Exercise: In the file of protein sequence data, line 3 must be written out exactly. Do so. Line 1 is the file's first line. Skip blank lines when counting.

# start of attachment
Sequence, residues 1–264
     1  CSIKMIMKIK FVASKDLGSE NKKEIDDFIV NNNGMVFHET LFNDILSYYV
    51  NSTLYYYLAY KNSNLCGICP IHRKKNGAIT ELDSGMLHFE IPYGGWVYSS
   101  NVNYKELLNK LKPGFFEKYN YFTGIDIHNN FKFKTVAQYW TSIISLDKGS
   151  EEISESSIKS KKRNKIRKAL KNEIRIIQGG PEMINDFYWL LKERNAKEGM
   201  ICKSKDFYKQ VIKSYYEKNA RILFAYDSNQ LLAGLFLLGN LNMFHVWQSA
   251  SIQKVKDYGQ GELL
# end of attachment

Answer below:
    51  NSTLYYYLAY KNSNLCGICP IHRKKNGAIT ELDSGMLHFE IPYGGWVYSS